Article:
In Sydney Chamber Opera’s The Howling Girls, composer Damien Ricketson commands of Jane Sheldon’s celestial tone a considerable conversion. The unfamiliar sonic force created by Sheldon’s instrument, in what she describes as ‘deviant’ vocal performance, is emotionally charged, even shocking.
The prototype of operatic performance to which we are accustomed is equally unrecognisable. The Howling Girls sets an ensemble of young artists astir on a wide, deep, near-empty set. A denim-clad, backpack-wearing audience of under thirty-fives are amassed before them. Sheldon’s instrument inhales and exhales to undulating, grating effect, and the dark thematic crux of the production envelops us.
The Howling Girls’ creation was prompted by a slew of harrowing occurrences following September 11. Quite independently of each other, several girls appeared at hospitals across New York with the common idea that their throats were obstructed by debris from the attack.
Examining surgeons found no obstruction in any of the girls’ throats. Themes of paranoia, trepidation and debility are introduced in the initial belt of the performance with the ensemble, a band of monstrous, hardly-there figures, milling onstage.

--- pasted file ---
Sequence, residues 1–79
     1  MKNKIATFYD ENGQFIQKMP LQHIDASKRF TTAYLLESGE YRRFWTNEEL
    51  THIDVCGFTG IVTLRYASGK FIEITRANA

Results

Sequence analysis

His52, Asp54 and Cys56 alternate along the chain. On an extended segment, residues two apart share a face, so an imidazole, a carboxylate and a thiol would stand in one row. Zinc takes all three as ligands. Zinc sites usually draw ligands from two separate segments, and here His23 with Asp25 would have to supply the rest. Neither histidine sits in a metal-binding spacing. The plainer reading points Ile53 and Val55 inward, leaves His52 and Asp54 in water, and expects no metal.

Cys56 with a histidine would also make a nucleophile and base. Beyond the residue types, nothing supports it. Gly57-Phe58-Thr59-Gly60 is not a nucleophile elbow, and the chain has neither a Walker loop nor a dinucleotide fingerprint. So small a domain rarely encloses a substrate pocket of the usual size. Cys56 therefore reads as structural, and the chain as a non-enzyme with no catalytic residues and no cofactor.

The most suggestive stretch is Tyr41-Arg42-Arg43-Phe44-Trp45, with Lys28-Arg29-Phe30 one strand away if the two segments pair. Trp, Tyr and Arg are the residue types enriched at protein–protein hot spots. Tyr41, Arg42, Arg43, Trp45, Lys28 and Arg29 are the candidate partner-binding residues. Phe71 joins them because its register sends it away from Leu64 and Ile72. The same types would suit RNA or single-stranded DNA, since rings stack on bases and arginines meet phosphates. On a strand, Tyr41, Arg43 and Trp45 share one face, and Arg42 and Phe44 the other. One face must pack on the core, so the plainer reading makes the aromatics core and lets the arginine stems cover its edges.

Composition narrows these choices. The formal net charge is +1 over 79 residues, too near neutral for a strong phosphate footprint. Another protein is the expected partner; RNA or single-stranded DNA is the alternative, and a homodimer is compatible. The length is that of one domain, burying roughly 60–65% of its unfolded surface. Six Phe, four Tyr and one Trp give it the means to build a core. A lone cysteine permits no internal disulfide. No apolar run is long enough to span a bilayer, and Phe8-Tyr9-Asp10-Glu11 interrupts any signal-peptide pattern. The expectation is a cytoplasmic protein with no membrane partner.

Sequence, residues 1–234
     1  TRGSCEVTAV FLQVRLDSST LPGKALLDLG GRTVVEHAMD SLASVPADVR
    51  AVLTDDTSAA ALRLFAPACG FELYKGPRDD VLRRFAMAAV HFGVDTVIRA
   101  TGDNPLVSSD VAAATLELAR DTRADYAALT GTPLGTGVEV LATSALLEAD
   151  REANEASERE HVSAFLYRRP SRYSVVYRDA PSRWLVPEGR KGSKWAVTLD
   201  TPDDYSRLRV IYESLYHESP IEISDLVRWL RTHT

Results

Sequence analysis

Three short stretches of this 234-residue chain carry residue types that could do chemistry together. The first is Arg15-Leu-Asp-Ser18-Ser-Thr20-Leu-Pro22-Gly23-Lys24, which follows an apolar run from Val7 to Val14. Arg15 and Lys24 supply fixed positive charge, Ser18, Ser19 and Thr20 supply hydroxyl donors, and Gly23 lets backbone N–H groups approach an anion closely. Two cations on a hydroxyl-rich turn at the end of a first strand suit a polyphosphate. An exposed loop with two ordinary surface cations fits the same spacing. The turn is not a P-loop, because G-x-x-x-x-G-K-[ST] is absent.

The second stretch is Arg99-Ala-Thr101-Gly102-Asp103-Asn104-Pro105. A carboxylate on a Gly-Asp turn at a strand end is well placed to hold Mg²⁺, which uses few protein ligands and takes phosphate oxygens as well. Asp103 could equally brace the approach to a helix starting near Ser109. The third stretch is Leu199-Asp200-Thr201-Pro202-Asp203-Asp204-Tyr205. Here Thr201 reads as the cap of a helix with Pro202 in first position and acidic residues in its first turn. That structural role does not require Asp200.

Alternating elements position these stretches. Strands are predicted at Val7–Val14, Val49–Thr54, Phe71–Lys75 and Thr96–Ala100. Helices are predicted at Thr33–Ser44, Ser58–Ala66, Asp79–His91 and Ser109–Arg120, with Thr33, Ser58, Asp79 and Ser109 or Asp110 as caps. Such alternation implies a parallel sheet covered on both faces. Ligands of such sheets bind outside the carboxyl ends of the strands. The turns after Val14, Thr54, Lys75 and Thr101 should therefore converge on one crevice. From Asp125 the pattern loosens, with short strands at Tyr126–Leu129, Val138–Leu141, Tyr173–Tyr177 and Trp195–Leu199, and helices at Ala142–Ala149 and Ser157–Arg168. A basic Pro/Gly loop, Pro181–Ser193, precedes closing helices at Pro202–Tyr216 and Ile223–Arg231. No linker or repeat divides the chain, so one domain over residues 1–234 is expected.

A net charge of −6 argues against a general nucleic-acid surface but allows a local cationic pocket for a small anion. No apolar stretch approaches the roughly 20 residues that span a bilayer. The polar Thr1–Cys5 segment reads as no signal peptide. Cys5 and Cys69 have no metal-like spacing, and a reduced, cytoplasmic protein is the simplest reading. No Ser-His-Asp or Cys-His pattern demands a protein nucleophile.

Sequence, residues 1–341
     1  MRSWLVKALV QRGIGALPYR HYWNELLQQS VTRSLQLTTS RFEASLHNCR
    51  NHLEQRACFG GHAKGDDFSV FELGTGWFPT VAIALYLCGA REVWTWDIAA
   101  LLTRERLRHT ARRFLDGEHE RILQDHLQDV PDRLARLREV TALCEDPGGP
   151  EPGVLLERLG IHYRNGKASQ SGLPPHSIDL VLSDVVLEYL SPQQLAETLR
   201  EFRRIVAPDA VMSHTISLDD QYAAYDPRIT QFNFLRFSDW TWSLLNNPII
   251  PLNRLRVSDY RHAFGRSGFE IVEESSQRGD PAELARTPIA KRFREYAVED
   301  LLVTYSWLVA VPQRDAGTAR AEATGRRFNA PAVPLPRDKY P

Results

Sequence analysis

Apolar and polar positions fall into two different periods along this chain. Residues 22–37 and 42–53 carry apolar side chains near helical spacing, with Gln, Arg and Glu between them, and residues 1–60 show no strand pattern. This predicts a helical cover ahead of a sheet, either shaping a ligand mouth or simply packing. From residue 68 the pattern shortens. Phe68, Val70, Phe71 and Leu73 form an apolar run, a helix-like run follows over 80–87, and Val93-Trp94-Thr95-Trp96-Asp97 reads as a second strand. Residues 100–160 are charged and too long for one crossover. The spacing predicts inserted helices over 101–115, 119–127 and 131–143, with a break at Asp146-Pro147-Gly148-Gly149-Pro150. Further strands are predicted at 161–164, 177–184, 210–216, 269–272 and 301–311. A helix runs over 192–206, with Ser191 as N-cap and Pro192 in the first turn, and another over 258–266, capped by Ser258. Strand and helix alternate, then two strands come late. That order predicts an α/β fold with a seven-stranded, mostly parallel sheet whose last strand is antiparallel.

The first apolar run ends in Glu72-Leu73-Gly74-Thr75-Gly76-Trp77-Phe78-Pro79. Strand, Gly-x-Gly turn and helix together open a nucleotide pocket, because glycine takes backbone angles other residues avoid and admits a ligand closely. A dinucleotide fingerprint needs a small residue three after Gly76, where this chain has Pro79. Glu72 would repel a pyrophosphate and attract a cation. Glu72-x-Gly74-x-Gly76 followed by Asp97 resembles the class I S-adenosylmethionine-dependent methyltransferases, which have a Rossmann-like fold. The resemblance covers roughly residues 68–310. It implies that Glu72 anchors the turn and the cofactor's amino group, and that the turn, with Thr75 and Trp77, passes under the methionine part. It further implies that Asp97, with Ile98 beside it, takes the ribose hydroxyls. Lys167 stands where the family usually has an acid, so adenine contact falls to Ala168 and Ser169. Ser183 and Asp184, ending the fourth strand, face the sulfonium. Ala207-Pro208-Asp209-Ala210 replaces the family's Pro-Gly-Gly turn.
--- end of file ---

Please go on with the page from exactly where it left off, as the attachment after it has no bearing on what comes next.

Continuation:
An electronic cacophony circles the audience, who become lily-livered. People huddle and recede in the blackness. While injury, entrapment and agitation is embodied by Sheldon in a seemingly endless range of vocal possibilities, we are compelled to question the movement onstage. Is it really there? Are these convictions symptomatic of our own fear?
Director Adena Jacobs makes analogous our dilemma with that of the girls after September 11. Unrest among the audience is further concocted in the darkness by a low swooping in the sound-scape, unmistakably the plummeting of a plane.
The set brightens without warning in the most dramatic, frightening lighting change one can imagine. We meet the first certain visual aspects of the performance. Metaphors are done away with. Perhaps the blockages are imaginary, but pain, entrapment and terror are very much real.
In the final sections, we find ourselves caught in a web of words we endeavour to identify. The ensemble becomes bolder, hurling, what we discover to be, a made-up language across the theatre. The performers grow more and more insistent, the audience more helpless.
This acutely uncomfortable production establishes Sydney Chamber Opera as our local pupping ground for visionary operatic performance that seeks to enthrall by rearing thought.
The Howling Girls
Carriageworks, 245 Wilson Street, Eveleigh
Performance: Wednesday 28 March 2018
Image: The Howling Girls – photo by Zan Wimberley
Review: Sylvie Woods